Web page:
Query on interclausal scope
gil at EVA.MPG.DE
Thu Dec 1 22:04:16 UTC 2011
Dan and all,
I'm suspect many other LINGTYP readers, and not just me, are not sure
what you mean by "an S-comp rule".
The colloquial varieties of Indonesian that I am familiar with do not
have an overt complementizer. And indeed, if you say something like
MARY NEG THINK JOHN SMART, this can not usually be taken to mean "Mary
thinks that John is not smart". Are you suggesting that these two facts
I have argued elsewhere that the Indonesian/English contrast is one
manifestation of a general tendency for Indonesian to be more iconic, or
"Behagelian", in its constituency than languages like English. So I
would also be very interested to learn how common so-called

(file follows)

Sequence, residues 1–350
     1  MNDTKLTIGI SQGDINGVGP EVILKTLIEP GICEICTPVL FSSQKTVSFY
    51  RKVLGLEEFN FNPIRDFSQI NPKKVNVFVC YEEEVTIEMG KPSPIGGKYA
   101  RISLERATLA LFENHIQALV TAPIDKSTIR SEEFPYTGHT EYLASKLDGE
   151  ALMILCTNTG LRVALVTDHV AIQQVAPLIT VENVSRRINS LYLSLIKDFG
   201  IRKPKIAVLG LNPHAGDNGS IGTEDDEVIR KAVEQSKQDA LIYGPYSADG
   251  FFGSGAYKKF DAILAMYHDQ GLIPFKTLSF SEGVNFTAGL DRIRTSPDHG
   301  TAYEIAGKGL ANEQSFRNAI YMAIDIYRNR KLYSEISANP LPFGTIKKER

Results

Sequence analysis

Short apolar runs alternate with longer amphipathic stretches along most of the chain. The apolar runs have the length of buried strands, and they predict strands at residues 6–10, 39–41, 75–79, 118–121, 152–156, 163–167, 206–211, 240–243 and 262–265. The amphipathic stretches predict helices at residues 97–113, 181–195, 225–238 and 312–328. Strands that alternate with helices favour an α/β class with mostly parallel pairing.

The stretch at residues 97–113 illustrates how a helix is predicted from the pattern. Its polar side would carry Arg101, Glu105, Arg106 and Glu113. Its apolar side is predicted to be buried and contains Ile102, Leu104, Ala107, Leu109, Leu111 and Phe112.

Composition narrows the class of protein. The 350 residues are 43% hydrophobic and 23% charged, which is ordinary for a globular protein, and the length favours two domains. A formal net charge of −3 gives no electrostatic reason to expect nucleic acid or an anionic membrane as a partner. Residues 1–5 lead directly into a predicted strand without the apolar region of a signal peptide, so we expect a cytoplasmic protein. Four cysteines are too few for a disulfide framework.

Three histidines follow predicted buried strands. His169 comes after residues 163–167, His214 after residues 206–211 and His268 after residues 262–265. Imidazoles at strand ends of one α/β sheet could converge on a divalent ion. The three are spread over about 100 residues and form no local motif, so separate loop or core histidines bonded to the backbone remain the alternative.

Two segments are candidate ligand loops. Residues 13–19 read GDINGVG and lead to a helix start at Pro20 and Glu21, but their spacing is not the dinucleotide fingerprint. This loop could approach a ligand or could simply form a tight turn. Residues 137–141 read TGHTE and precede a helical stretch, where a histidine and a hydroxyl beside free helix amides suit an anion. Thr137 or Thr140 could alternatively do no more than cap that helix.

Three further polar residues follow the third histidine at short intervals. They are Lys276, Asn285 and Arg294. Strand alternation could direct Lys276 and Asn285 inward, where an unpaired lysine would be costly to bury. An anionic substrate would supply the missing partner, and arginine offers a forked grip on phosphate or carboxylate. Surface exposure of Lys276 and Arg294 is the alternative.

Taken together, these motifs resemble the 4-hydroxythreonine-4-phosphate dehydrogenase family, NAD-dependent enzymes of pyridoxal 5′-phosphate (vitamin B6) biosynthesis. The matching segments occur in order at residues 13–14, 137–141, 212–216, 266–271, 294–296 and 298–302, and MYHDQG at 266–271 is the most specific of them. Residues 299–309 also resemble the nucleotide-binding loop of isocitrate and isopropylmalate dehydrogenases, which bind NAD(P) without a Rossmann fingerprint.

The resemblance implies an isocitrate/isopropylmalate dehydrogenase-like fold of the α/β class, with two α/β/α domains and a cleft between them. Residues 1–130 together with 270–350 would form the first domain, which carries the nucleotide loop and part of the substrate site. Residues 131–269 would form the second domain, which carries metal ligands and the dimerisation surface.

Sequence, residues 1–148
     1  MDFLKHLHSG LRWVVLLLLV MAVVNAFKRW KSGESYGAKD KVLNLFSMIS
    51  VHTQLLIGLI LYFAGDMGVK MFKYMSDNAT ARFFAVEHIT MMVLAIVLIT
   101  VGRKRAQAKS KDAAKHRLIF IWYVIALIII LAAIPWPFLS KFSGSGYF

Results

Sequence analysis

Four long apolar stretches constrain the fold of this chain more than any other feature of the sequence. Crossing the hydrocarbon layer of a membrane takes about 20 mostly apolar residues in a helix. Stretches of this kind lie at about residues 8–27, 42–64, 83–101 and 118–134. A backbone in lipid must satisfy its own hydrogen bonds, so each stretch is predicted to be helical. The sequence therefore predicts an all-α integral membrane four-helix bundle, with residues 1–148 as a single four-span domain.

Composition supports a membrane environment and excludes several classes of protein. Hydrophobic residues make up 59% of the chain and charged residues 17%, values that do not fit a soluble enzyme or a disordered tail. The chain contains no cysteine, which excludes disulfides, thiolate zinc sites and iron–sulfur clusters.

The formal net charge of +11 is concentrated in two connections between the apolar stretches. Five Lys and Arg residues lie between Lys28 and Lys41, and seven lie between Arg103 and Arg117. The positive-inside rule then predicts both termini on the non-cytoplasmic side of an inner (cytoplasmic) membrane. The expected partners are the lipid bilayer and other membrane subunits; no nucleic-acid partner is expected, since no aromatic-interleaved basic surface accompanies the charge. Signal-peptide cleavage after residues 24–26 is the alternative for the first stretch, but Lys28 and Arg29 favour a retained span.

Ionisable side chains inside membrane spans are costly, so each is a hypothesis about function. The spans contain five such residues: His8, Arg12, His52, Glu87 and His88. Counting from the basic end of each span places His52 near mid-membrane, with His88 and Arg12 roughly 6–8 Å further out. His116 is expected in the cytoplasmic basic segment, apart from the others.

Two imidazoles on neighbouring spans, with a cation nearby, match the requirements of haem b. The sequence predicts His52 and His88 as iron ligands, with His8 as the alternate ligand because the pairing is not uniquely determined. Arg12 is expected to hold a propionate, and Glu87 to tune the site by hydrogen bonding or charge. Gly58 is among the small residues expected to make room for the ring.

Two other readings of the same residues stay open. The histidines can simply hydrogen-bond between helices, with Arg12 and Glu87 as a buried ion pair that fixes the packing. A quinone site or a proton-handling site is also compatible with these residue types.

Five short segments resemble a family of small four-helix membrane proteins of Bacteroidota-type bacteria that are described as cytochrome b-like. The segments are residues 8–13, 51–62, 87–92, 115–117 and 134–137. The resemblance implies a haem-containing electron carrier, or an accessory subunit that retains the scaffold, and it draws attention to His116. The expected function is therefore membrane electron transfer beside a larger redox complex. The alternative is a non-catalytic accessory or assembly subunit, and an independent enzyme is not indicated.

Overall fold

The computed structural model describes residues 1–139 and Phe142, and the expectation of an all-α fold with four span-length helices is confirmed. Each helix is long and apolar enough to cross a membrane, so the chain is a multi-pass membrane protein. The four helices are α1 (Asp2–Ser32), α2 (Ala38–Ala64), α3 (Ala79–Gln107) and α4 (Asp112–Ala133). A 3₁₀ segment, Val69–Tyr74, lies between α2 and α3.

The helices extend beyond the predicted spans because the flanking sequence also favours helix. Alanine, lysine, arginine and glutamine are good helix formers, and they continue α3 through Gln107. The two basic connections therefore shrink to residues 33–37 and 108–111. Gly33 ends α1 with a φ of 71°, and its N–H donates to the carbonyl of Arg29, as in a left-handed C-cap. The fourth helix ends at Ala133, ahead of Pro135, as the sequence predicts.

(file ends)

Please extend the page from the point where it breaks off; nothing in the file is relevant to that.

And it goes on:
"neg-raising" is cross-linguistically -- with or without a complementizer.
PS rereading your query, I can add that Hebrew works like English.
> I am interested in knowing whether a certain pattern is more or less common. The question is whether languages with an S-comp rule usually have the possibility of negation switching scope across the matrix clause into the subordinate clause. So for example, in English in examples like "Mary doesn't think that John is smart" one meaning of this is that "Mary thinks that John isn't smart."
> My question is whether English is rare or not. Even in English, the features seems to be limited to epistemic verbs, like "think".
> So do readers of this list know of non-Indo European languages with this type of negative scope possibility? If so, is it limited to specific classes of verbs?
> If you'd rather respond to me off-line, that is fine. I will later post a summary if there are enough answers.
Department of Linguistics
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Email: gil at eva.mpg.de
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